Do I have any recourse if an employment agency, rather than a direct employer, committed an act of discrimination?

 

Yes. Title VII expressly includes employment agencies in its prohibition of discriminatory employment-related conduct.22 Because employment agency referrals and the processes by which they are made have a direct and tangible connection to permanent employment, their practices are subject to the same scrutiny as those of other employers in relation to hiring.

 

My employer transferred me to a different position with less potential for future advancement. Does this qualify as a discriminatory promotion?

 

It is possible, but unlikely. Your potential claim in such a situation will depend on the specific details of your case. If your new position has substantially the same pay and benefits and differs only in its likelihood of future promotion, it is considered to be a “lateral transfer.”23 Federal courts do not consider purely lateral transfers to be adverse employment actions protected by Title VII.24 If your new position does offer a substantially lower salary or meaningful reduction in benefits, the action is prohibited if it was motivated by sex.25

 

How do I bring a claim for discriminatory hiring/promotion under federal law?

 

The Equal Employment Opportunity Commission (EEOC) is charged with enforcing Title VII.26 You must begin by filing a complaint with the EEOC. Aggrieved applicants and employees must bear in mind, however, that a strict time limit applies to claims of discrimination brought under Title VII. A complaint must be filed with the EEOC within 180 days of the discriminatory act.27 If the EEOC ultimately finds no “reasonable cause” to conclude an act of discriminatory hiring or promotion has occurred, an individual may commence a lawsuit.28

See The EEOC Process for information about the general procedure for filing such a complaint.

 

What protections do I have against discriminatory hiring/promotion under North Carolina law?

 

The North Carolina Equal Employment Practice Act (NCEEPA) provides protections to applicants and employees in the hiring and promotional process independent of federal law.29 NCEEPA protects the “opportunity of all persons to seek and obtain… employment without discrimination or abridgement on account of …sex” in the interest of promoting public policy.30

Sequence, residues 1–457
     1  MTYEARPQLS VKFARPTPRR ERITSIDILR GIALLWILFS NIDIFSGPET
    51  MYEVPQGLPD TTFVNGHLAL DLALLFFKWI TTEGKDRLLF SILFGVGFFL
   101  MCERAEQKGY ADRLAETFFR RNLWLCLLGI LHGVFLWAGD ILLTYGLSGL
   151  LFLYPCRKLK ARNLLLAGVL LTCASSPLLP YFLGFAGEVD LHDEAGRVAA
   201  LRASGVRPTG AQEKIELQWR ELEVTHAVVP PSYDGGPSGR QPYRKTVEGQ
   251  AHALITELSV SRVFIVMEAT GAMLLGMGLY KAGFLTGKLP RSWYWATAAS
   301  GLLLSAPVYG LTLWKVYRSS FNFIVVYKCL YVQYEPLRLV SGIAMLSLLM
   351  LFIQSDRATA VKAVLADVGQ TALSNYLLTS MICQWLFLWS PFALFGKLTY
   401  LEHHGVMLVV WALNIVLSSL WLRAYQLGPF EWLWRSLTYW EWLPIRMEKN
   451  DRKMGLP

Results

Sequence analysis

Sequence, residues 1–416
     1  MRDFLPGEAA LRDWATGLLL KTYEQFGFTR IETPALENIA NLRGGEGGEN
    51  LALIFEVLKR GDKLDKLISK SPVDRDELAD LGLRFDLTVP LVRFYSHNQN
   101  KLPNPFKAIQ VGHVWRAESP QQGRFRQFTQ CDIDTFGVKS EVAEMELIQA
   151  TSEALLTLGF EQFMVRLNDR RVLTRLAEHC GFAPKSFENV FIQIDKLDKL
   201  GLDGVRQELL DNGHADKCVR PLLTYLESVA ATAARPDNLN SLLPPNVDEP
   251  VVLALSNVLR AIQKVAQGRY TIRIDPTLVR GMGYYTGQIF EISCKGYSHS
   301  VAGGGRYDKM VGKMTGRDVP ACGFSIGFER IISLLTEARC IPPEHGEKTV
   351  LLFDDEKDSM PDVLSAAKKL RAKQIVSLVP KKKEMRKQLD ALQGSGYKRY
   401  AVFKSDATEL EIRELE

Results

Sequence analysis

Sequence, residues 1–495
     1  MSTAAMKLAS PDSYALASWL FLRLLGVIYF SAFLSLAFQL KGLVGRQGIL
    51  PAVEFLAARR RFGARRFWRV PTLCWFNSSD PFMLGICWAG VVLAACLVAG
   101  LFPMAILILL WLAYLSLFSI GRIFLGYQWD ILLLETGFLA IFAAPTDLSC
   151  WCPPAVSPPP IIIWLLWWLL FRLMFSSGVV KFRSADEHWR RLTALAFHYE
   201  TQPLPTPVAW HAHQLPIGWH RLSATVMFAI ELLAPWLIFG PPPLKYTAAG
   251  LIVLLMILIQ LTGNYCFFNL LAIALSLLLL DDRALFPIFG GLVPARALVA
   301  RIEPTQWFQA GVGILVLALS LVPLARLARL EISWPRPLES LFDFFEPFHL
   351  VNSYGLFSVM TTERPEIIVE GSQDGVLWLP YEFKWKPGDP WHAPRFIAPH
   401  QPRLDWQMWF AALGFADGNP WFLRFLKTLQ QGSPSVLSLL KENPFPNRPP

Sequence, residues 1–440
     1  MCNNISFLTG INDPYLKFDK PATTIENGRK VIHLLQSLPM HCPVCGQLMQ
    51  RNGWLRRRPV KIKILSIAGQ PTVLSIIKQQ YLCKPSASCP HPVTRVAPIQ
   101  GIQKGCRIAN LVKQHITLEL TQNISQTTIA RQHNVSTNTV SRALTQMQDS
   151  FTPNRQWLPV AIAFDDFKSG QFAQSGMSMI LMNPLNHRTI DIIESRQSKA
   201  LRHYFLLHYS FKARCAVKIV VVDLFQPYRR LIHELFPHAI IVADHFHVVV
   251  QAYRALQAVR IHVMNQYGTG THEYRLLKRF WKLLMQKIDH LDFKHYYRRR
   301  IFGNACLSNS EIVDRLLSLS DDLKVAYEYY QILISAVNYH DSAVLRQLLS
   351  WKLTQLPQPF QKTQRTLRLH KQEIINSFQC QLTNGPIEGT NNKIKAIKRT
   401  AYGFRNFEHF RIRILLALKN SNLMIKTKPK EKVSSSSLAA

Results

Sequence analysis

You have two main avenues of relief if you believe an employer unlawfully denied you the opportunity to obtain a job or promotion.31 Because hiring and promotional decisions are based on an employer’s private assessment of qualifications that are necessarily subjective, you may use either a disparate treatment or disparate impact approach to demonstrate discrimination.32

 

What is disparate treatment and how do I prove it in the context of hiring/promotion?

 

A disparate treatment complaint alleges that an employer’s actions were different towards you than towards other candidates because of your membership in a protected class – in this case, because you are woman – and the difference in treatment had a negative impact on your employment.33 To succeed, you must first prove a set of four basic elements:

  1. You are a member of a protected group (i.e., a woman);
  2. You were qualified for an available position or a promotion;
  3. You were denied the available job or passed over for the promotion; and
  4. The person receiving the job or promotion was not a member of the protected class.34
Once you prove each of these four elements, the court will presume impermissible discrimination.35 The employer must then present evidence of a legitimate non-discriminatory reason for failing to hire or promote you.36 Once the employer does so, the complainant must prove that the employer’s stated reason is mere pretext for a discriminatory motive behind the employer’s conduct.37

 

 

What is disparate impact and how do I prove it in the context of hiring/promotion?

 

If you have no evidence that an employer intentionally failed to hire or promote you because of sex, you may still be able to pursue a disparate impact claim. The North Carolina Supreme Court has adopted the Title VII standard for evaluating disparate impact claims.38 If an employer’s recruitment methods, job qualifications or application process have a disproportionate adverse impact upon women, you may pursue a disparate impact claim.39 To do so, you must prove the same basic four-element required to demonstrate disparate impact:

  1. A statistical disparity in hiring or promotions exists;
  2. The disparity is the result a particular employment practice;
  3. The practice in question is not justified by business necessity; and
  4. An alternative employment practice that would yield less disparate results is available to the employer and would serve its business necessities equally well. 40
To learn more about disparate impact in all of its contexts, see Disparate Treatment/Disparate Impact.

 

 

How do I bring a claim for discriminatory hiring/promotion under North Carolina law?